Table 2
Table 2 Literature review on STER series
Full table

In summary, current evidence supports the feasibility and safety of pure EFTR and STER as well as endorses its technical versatility (tumor size up to 6 cm; various locations such as the esophagus, gastric fundus and colon) but is not strong enough to endorse its long-term clinical success. However, we want to point out that given the low risk and slow growth of most SELs, proving long term success of these technique will be difficult since true recurrence probably takes years to detect and ‘early recurrence’ likely represents macroscopic residual of primary tumor or post-operative fibrotic changes, rather than microscopic residual secondary to a R1 margin, which is the primary concern for this type of endoscopic ‘enucleation’. In addition, given the low risk of most of these tumors, long term surveillance has questionable utility after complete tumor resection and patient compliance for follow up can be an issue.


Summary

The management of low-risk gastrointestinal subepithelial tumors is an involving field. The risk-benefit balance might shift to favor a more aggressive early-resection approach rather than long-term surveillance as new techniques and equipment got more widely used and operators get more comfortable with the new concepts. Numerous studies have shown the technical feasibility and safety of pure EFTR and STER in resecting these tumors. Future research is needed regarding the long-term result of these techniques and more tailored tools are needed were further breakthrough to be made.


Acknowledgments

None.


Footnote

Conflicts of Interest: Dr. Stavropoulos is a consultant for Boston Scientific and Olympus and receives an honoraria from ERBE USA; Dr. Zhang, Dr. Modayil and Dr. Criscitelli have no conflicts of interest to declare.


References

  1. Cotton PB, Eisen GM, Aabakken L, et al. A lexicon for endoscopic adverse events: report of an ASGE workshop. Gastrointest Endosc 2010;71:446-54. [Crossref] [PubMed]
  2. Demetri GD, von Mehren M, Antonescu CR, et al. NCCN Task Force report: update on the management of patients with gastrointestinal stromal tumors. J Natl Compr Canc Netw 2010;8 Suppl 2:S1-41; quiz S2-4.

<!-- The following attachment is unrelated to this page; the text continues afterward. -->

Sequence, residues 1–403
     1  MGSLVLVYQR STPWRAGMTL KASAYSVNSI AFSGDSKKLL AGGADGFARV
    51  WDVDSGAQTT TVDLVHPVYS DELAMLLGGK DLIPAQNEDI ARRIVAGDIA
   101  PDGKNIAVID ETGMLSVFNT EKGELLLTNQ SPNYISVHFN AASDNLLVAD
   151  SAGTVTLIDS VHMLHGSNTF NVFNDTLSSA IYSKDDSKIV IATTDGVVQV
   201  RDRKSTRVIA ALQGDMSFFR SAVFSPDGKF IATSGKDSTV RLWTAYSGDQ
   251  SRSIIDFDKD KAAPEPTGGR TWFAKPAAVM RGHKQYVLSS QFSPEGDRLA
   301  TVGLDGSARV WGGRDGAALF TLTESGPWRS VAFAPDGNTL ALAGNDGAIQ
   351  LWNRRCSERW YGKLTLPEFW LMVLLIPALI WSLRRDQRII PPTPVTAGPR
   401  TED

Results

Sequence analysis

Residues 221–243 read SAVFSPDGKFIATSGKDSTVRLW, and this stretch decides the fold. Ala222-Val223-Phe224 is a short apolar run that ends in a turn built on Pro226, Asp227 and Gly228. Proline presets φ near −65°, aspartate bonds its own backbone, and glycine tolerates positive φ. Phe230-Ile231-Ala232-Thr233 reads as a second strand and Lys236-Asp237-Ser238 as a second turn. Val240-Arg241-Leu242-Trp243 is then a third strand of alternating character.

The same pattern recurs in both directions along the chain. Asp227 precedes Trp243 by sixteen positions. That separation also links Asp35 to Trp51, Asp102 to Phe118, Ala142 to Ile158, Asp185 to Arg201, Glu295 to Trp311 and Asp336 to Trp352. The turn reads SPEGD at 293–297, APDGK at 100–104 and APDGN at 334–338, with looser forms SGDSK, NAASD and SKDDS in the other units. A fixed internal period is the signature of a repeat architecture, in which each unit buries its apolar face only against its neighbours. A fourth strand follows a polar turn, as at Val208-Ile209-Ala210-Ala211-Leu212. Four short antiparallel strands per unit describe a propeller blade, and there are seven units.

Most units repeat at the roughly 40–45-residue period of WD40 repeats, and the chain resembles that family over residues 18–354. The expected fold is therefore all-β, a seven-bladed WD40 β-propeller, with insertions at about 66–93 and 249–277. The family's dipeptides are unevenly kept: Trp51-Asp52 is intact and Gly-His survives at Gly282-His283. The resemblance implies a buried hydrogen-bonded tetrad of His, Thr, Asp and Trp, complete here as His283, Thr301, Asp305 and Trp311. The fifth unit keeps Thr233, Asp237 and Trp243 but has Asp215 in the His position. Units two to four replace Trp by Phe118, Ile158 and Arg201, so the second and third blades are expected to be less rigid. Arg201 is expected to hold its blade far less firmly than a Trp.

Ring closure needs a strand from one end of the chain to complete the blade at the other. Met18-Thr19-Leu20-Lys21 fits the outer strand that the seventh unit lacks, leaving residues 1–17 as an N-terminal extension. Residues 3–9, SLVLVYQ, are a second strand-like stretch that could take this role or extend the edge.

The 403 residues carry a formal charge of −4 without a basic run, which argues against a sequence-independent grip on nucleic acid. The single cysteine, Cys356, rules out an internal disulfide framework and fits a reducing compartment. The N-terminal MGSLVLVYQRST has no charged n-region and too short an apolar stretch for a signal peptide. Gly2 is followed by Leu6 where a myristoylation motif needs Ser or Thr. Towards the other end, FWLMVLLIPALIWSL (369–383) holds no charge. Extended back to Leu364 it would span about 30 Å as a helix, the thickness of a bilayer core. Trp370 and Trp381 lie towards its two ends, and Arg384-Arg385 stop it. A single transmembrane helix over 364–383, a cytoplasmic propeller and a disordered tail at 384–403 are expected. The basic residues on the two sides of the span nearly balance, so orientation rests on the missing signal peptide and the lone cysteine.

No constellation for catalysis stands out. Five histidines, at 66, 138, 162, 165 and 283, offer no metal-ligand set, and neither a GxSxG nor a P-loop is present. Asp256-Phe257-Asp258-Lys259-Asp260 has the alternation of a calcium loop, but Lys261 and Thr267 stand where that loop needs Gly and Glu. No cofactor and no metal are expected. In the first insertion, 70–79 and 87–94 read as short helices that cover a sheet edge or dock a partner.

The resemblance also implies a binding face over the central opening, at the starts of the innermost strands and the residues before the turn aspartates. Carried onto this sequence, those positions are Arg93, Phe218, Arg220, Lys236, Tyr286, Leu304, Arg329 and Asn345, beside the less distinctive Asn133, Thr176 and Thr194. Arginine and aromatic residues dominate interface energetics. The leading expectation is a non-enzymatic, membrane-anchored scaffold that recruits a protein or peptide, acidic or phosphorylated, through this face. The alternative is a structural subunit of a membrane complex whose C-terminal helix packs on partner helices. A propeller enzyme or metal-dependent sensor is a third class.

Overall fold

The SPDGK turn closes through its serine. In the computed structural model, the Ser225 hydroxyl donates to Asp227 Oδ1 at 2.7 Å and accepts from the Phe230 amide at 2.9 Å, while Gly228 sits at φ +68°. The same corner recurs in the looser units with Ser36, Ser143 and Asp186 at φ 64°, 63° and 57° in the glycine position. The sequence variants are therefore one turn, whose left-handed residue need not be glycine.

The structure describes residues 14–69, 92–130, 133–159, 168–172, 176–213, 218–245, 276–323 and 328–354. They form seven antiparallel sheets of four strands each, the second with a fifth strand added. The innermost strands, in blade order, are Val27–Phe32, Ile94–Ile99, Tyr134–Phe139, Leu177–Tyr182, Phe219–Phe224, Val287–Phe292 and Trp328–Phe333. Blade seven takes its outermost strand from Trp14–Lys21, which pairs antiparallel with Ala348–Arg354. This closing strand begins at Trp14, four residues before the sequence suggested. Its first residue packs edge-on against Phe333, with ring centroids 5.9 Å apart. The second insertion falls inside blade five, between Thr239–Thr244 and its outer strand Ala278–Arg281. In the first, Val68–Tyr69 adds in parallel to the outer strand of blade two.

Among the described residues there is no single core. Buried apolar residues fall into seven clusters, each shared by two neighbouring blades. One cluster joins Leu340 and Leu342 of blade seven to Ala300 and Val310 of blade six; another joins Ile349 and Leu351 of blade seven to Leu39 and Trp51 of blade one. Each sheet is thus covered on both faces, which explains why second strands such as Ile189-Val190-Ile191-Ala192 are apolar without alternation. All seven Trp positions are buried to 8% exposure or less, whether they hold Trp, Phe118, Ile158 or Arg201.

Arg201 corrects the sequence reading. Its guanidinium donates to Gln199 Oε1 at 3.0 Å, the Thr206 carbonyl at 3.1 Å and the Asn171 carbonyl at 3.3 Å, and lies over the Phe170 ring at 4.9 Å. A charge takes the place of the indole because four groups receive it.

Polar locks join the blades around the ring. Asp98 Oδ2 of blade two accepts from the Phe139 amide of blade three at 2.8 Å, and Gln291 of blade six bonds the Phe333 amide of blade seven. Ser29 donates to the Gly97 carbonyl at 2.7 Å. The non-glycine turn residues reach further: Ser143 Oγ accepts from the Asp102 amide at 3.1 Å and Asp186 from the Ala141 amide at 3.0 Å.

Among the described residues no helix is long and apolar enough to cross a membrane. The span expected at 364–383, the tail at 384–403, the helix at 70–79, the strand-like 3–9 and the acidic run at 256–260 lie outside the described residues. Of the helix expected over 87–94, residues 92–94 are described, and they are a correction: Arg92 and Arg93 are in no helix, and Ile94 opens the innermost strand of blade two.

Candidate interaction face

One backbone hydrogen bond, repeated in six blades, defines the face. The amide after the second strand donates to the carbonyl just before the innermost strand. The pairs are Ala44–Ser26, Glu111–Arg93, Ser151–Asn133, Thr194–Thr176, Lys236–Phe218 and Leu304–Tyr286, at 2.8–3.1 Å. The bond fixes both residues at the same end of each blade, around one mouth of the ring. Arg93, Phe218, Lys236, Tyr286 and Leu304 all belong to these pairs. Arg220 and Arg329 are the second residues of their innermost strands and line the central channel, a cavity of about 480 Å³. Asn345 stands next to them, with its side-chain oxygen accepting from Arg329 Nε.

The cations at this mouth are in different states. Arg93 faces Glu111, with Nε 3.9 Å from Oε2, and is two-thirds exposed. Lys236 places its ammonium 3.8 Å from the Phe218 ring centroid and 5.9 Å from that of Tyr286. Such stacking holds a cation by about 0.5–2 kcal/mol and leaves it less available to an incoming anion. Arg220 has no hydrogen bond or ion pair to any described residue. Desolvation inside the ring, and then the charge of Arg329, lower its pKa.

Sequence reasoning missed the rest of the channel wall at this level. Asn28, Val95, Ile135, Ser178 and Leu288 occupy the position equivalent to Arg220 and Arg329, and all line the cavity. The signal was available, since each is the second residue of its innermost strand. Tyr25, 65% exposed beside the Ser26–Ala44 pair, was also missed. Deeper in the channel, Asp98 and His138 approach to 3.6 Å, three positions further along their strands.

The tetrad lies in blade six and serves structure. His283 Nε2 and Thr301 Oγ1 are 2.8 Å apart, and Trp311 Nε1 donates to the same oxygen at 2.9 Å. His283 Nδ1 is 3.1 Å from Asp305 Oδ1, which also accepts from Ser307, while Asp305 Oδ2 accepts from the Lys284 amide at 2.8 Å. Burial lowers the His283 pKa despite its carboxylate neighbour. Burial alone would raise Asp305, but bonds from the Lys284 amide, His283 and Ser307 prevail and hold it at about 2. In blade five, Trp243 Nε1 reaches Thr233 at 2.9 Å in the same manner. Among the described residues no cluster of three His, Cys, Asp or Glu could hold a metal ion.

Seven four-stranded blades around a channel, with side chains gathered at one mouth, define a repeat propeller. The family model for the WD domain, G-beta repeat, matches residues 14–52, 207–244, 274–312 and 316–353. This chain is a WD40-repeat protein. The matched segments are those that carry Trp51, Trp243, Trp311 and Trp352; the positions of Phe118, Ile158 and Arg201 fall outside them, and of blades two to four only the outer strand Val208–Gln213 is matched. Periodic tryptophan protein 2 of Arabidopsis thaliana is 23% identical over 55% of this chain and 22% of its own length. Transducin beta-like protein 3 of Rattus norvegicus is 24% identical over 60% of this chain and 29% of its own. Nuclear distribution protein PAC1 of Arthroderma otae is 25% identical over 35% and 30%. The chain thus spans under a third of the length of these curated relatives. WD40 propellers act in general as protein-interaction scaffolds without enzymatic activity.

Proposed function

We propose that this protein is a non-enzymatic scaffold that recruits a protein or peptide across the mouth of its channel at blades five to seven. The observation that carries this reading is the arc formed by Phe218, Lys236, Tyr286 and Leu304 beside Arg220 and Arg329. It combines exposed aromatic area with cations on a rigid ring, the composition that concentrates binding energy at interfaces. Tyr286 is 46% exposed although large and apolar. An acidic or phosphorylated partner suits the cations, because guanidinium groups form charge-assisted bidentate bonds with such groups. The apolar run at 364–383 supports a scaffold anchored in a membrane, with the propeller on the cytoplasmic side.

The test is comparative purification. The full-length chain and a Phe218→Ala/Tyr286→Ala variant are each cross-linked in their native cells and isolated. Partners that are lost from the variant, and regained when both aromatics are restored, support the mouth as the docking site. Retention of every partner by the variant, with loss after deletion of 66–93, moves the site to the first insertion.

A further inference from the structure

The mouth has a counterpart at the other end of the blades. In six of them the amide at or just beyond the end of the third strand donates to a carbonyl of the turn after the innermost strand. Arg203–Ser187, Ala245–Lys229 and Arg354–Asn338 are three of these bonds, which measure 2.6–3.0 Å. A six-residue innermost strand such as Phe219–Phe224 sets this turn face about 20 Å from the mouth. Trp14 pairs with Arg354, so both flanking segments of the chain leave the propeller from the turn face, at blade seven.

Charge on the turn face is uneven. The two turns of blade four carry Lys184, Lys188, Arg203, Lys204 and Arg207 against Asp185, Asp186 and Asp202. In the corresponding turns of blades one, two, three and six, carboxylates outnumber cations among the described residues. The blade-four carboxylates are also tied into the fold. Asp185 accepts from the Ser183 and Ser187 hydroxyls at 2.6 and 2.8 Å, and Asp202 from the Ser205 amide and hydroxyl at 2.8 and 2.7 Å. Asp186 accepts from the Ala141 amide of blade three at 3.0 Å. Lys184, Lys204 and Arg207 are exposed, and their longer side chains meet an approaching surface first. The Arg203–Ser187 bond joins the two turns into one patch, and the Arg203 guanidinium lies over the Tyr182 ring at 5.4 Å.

3. Kulke MH, Anthony LB, Bushnell DL, et al. NANETS Treatment Guidelines: Well-Differentiated Neuroendocrine Tumors of the Stomach and Pancreas. Pancreas 2010;39:735-52. [Crossref] [PubMed]
  4. Delle Fave G, Sundin A, Taal B, et al. ENETS consensus guidelines update for gastroduodenal neuroendocrine neoplasms. Neuroendocrinology 2016;103:119-24. [Crossref] [PubMed]
  5. Ramage JK, De Herder W, Delle Fave G, et al. ENETS consensus guidelines update for colorectal neuroendocrine neoplasms. Neuroendocrinology 2016;103:139-43. [Crossref] [PubMed]
  6. Dumonceau JM, Deprez PH, Jenssen C, et al. Indications, results, and clinical impact of endoscopic ultrasound (EUS)-guided sampling in gastroenterology: European Society of Gastrointestinal Endoscopy (ESGE) Clinical Guideline-Updated January 2017. Endoscopy 2017;49:695-714. [Crossref] [PubMed]
  7. Miettinen M, Lasota J. Gastrointestinal stromal tumors: pathology and prognosis at different sites. Semin Diagn Pathol 2006;23:70-83. [Crossref] [PubMed]
  8. Rajan E, Wong Kee Song LM. Endoscopic Full Thickness Resection. Gastroenterology 2018;154:1925-37.e2. [Crossref] [PubMed]
  9. Casali PG, Jost L, Reichardt P, et al. Gastrointestinal stromal tumours: ESMO clinical recommendations for diagnosis, treatment and follow-up. Annals of Oncology 2009;20:64-7. [PubMed]
  10. McCarter MD, Antonescu CR, Ballman KV, et al. Microscopically positive margins for primary gastrointestinal stromal tumors: analysis of risk factors and tumor recurrence. J Am Coll Surg 2012;215:53-9; discussion 9-60. [Crossref] [PubMed]
  11. Maranki J, Stavropoulos SN. Endoscopic Full-Thickness Resection of Subepithelial Lesions of the GI Tract. In: Clinical Gastrointestinal Endoscopy. Third Edition. Elsevier. 510-6.e2.
  12. Kaehler G, Grobholz R, Langner C, et al. A new technique of endoscopic full-thickness resection using a flexible stapler. Endoscopy 2006;38:86-9. [Crossref] [PubMed]
  13. Ikeda K, Fritscher-Ravens A, Mosse CA, et al. Endoscopic full-thickness resection with sutured closure in a porcine model. Gastrointest Endosc 2005;62:122-9. [Crossref] [PubMed]
  14. Ikeda K, Mosse CA, Park P-O, et al. Endoscopic full-thickness resection: circumferential cutting method. Gastrointest Endosc 2006;64:82-9. [Crossref] [PubMed]
  15. Valli PV, Mertens J, Bauerfeind P. Safe and successful resection of difficult GI lesions using a novel single-step full-thickness resection device (FTRD®). Surg Endosc 2018;32:289-99. [Crossref] [PubMed]